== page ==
|PANTHEE, DILIP - North Carolina State University|
|GARDNER, RANDY - North Carolina State University|
Submitted to: Tomato Disease Workshop
Publication Type: Proceedings
Publication Acceptance Date: 9/18/2012
Publication Date: 10/16/2012
Citation: Ling, K., Li, R., Panthee, D.R., Gardner, R.G. 2012. Identification of Potato spindle tuber viroid naturally infecting greenhouse tomatoes in North Carolina and its potential in seed transmission. Tomato Disease Workshop. p27.
Interpretive Summary: N/A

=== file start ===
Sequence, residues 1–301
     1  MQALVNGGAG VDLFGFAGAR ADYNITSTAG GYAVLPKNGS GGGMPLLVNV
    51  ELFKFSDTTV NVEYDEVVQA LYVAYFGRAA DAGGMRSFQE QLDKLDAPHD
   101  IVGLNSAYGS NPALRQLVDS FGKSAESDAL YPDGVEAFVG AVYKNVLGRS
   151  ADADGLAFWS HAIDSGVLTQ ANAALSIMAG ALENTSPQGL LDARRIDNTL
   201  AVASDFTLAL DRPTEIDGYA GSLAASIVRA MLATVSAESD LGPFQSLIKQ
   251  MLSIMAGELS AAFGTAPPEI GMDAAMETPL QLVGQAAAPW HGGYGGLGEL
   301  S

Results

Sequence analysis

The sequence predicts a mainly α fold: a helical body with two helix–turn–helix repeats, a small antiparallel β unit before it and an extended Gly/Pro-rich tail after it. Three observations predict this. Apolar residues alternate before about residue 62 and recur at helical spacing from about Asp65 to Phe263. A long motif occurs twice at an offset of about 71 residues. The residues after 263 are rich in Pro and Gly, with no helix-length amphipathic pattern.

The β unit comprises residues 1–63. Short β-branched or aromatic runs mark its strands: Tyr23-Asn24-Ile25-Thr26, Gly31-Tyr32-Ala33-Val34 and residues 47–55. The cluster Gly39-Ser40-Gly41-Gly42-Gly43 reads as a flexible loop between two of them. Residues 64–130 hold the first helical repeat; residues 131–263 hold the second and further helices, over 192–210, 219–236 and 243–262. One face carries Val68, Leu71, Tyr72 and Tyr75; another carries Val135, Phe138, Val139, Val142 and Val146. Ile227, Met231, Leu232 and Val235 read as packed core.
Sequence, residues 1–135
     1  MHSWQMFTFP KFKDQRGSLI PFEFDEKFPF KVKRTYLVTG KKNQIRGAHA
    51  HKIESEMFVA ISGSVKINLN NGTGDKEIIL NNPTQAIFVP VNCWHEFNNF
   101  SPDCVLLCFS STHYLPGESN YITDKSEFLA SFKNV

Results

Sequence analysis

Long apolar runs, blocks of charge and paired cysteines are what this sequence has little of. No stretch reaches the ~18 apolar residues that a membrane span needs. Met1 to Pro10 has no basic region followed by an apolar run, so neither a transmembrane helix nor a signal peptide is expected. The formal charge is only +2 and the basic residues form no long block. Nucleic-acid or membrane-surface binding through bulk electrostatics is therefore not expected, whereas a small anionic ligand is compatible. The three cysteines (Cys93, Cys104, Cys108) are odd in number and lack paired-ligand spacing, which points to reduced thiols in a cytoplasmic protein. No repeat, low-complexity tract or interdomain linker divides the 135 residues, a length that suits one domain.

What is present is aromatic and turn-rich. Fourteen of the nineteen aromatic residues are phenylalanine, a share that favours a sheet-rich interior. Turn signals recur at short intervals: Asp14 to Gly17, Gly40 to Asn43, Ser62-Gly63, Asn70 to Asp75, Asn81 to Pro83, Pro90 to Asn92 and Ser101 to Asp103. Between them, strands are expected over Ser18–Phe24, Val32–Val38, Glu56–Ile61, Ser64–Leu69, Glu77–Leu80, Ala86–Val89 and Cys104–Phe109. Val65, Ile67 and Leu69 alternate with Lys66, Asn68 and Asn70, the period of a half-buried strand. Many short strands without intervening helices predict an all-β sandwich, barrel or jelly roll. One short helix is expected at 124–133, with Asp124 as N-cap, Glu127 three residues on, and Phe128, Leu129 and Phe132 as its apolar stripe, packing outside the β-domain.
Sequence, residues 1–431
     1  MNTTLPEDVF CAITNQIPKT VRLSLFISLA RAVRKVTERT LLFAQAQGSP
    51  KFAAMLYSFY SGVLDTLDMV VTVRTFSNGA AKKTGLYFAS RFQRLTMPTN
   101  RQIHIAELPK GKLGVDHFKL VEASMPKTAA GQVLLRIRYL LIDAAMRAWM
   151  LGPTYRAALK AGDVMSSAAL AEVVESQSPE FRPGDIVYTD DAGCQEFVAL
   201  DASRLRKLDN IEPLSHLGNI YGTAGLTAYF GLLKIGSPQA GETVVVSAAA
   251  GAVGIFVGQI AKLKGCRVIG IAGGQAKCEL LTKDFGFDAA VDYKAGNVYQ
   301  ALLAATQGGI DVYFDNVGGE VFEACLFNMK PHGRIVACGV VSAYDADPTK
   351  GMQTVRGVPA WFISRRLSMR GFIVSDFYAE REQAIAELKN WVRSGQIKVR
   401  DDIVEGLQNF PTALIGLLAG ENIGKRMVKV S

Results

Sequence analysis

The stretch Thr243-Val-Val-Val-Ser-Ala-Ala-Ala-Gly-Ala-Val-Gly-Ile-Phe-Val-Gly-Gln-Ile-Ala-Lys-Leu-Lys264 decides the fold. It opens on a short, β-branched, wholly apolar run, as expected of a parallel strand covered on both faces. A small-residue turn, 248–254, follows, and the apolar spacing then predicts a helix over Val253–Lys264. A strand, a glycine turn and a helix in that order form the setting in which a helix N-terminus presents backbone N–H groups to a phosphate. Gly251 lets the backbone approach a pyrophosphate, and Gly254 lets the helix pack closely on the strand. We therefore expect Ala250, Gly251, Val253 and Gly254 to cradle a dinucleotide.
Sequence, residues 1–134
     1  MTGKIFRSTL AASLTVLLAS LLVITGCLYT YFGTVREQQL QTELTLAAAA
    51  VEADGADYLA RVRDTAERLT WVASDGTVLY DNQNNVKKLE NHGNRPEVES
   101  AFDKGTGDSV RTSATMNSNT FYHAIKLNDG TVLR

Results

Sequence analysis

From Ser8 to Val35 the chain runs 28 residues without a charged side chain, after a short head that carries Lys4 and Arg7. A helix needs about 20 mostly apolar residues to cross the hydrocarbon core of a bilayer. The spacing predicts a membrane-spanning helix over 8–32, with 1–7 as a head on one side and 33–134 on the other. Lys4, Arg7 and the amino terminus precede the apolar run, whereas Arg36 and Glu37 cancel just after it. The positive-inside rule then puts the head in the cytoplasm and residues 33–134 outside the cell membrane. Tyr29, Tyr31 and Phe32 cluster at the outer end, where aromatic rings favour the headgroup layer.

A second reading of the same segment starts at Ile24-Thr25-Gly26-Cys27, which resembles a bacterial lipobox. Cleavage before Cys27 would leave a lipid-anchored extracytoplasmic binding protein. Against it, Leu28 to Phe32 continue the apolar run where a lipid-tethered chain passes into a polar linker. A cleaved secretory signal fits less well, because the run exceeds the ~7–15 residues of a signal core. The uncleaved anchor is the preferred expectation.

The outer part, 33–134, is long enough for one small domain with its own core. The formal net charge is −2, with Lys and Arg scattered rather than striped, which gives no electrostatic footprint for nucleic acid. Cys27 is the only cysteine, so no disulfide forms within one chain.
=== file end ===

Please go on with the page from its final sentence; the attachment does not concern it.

Technical Abstract: In spring 2012, an unusual severe disease (plant stunting, chlorosis, and small fruits) was observed on 18% of tomato plants (Solanum lycopersicum L.) in a small research greenhouse facility in western North Carolina. Over time, the disease spread to other tomato plants inside the greenhouse. Initial screenings for possible viruses were negative either using enzyme-linked immunosorbent assay (ELISA) or reverse transcription polymerase chain reaction (RT-PCR). However, real-time RT-PCR showed a positive for pospiviroid on eight tested diseased plants and one seed sample. Using a set of primers previously designed to amplify a full genomic sequence for a pospiviroid, expected size of products (360 bp) were cloned and sequenced. A consensus full viroid genomic sequence was obtained from 22 clones in this experiment. BLASTn analysis in the NCBI database showed that this sequence shared the highest nucleotide sequence identity of 96.9% to several isolates of Potato spindle tuber viroid (PSTVd). Using infected tomato tissue as inoculum, similar disease symptoms were observed on the inoculated tomato plants ‘Rutgers’ two weeks post mechanical inoculation and the presence of PSTVd was confirmed using real-time RT-PCR. The diseased tomato plants were contained, properly disposed and eradicated in this location. In the U.S., natural infection of PSTVd on tomato was first identified in California in 2010. To our knowledge, this is the first report of a natural occurrence of PSTVd on tomato in the eastern U.S. The broader geographic distribution of PSTVd on tomato and the potential latent infection in potato and a number of ornamentals emphasize the need for better testing of viroids in these plants. To determine whether PSTVd is truly seed transmissible in tomato, seedling grow-out tests using highly PSTVd-contaminated seeds are underway and the results will be discussed.